Breaking down the basics of Marketing Attribution
You are a marketing professional. You work hard to use your marketing budget effectively, build pipeline and drive sales for your organization. You need to make sure that the marketing dollars you spend are getting the most bang for their buck, and you need an effective way to track which of those dollars are delivering the best ROI.
Marketing Attribution metrics are the key to your success. They help you determine which marketing efforts are driving sales and provide invaluable business insight into the efficacy of your marketing channels.
Marketing Attribution can be a very complex subject. To help simplify things for you, we broke down some key terms that you should know. Keep reading to learn about these common Marketing Attribution terms:
- Marketing Touch
- Lead Lifecycle
- Conversion Rate
- Model Validation
- Attribution Bake-off
- Data Infrastructure
Marketing Attribution, commonly referred to only as “Attribution”, is a way of measuring and quantifying Marketing’s influence on Pipeline and Revenue.
This is commonly achieved by tying marketing campaign activity back to opportunities, and then attributing a portion of the credit back to said campaign activity.
Quite simply, a marketing touch is any time a customer or prospect successfully interacts with your brand.
Keep in mind that an interaction should take place in order to be considered a marketing touch. As such, simply sending an email would not be sufficient. The prospect/customer would need to take an action as a result, such as clicking a link and downloading a piece of content from your website for it to be considered a marketing touch.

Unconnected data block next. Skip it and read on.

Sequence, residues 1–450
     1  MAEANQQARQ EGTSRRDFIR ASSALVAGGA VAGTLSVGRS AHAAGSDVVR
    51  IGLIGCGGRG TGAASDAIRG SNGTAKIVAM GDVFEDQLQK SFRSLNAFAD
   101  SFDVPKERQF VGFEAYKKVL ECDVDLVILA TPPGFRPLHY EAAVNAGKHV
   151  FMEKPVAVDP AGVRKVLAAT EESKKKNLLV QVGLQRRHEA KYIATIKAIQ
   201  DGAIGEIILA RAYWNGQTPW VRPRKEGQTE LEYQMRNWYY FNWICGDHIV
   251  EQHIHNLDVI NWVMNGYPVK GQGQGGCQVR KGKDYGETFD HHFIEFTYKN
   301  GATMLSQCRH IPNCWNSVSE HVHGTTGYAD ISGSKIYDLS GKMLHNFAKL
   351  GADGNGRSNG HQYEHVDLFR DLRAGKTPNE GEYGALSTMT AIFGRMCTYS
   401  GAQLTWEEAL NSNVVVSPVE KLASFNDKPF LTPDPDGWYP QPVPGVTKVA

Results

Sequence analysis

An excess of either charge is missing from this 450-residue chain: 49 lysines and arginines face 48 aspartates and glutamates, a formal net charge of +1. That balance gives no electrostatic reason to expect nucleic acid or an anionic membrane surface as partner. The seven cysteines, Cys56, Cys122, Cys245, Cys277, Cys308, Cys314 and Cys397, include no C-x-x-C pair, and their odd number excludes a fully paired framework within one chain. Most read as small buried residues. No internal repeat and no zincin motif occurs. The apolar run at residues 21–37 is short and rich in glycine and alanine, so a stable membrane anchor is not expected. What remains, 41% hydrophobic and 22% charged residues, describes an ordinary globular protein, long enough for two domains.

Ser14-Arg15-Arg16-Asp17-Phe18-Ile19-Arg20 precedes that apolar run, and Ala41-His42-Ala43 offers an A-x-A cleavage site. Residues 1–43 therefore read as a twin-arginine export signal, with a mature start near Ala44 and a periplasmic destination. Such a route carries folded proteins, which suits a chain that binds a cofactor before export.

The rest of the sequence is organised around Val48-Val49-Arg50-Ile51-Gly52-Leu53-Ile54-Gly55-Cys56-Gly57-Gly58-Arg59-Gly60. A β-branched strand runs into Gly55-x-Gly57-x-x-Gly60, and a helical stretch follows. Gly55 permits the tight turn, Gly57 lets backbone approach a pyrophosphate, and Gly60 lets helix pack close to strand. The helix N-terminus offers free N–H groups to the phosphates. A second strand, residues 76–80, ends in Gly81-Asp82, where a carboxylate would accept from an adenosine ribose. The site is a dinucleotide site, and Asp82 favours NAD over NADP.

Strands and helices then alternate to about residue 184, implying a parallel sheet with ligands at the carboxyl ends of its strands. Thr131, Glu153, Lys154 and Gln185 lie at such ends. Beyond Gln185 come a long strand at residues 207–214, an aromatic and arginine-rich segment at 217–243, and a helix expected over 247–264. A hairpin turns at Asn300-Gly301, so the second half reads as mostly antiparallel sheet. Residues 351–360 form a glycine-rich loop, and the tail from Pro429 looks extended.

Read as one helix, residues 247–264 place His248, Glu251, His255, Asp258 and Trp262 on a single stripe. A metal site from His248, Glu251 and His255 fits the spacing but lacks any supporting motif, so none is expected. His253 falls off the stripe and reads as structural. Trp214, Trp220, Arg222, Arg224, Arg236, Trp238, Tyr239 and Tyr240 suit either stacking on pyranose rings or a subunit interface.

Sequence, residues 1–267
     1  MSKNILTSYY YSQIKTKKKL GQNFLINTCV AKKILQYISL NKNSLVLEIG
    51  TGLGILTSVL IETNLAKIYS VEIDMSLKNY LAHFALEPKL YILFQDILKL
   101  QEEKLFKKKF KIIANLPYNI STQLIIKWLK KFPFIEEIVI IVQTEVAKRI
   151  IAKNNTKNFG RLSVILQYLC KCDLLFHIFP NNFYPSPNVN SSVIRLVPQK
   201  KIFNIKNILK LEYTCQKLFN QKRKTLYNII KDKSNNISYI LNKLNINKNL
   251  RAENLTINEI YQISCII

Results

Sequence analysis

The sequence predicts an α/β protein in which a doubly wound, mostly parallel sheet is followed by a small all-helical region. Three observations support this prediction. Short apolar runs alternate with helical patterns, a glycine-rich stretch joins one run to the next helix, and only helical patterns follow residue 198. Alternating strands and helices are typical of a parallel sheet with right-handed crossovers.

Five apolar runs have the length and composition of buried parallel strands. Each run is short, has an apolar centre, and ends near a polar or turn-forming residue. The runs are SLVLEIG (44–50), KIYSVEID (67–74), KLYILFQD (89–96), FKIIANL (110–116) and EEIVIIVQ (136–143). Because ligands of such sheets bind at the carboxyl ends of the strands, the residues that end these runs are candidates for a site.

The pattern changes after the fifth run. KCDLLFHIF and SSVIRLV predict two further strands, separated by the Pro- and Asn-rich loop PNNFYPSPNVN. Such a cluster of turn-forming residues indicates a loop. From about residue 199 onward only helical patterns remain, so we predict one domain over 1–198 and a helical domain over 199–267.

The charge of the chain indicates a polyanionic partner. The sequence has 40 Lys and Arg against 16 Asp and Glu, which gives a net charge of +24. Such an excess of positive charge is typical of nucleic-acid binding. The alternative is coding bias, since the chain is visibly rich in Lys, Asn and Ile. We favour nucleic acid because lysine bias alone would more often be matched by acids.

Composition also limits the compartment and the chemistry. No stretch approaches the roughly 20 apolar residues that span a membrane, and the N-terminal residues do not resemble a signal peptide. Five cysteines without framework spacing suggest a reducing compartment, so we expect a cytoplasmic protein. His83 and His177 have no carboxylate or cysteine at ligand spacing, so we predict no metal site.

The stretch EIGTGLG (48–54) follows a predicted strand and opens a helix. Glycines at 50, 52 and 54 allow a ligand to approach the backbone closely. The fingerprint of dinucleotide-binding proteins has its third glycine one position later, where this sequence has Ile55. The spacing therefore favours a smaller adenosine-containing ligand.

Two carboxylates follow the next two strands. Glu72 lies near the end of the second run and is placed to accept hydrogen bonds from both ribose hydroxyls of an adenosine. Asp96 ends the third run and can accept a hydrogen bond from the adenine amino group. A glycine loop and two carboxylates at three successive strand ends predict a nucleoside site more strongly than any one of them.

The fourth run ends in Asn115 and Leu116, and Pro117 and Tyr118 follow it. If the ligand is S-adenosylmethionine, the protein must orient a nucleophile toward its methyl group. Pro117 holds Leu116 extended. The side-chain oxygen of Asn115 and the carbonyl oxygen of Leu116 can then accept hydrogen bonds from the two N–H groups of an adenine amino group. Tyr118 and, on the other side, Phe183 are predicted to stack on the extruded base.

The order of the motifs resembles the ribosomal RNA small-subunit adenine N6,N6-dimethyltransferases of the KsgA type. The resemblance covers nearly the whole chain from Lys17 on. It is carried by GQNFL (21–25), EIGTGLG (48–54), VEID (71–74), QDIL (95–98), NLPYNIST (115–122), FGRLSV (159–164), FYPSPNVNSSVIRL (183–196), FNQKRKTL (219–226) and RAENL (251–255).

Marketing segments are groups of potential customers split based on a predetermined set of criteria. This is typically done by using behavioral and/or demographic attributes.
For B2C organizations, segments are usually divided by age, purchasing habits, interests, and location.
For B2B organizations, segments are frequently determined by industry, business size/revenue, geographic location, or buyer persona.
No matter how they are designed, segments help marketers deliver timely, personalized, and relevant campaigns.
Object (SFDC term)
Salesforce.com (SFDC) objects are database tables that allow SFDC to store data specific to each table, and which have relationships to each other (e.g. a Contact has a relationship to an Account). SFDC provides the ability to use standard objects (e.g. Accounts, Contacts, Opportunities, Leads, Campaigns, etc.) as well as custom objects.
Lead Lifecycle (aka Sales Funnel, Lead Waterfall)
A lead lifecycle helps organize your prospects/customers into a logical order based on their stage in your sales cycle, from first touch to customer and beyond.
The stages can be divided in many different ways, but having a clear definition of your customer experience flow is critical to accurate attribution reporting. A strong definition for each stage will also help you understand how to communicate effectively with leads in each stage of the funnel and ensure that they’re not overlooked.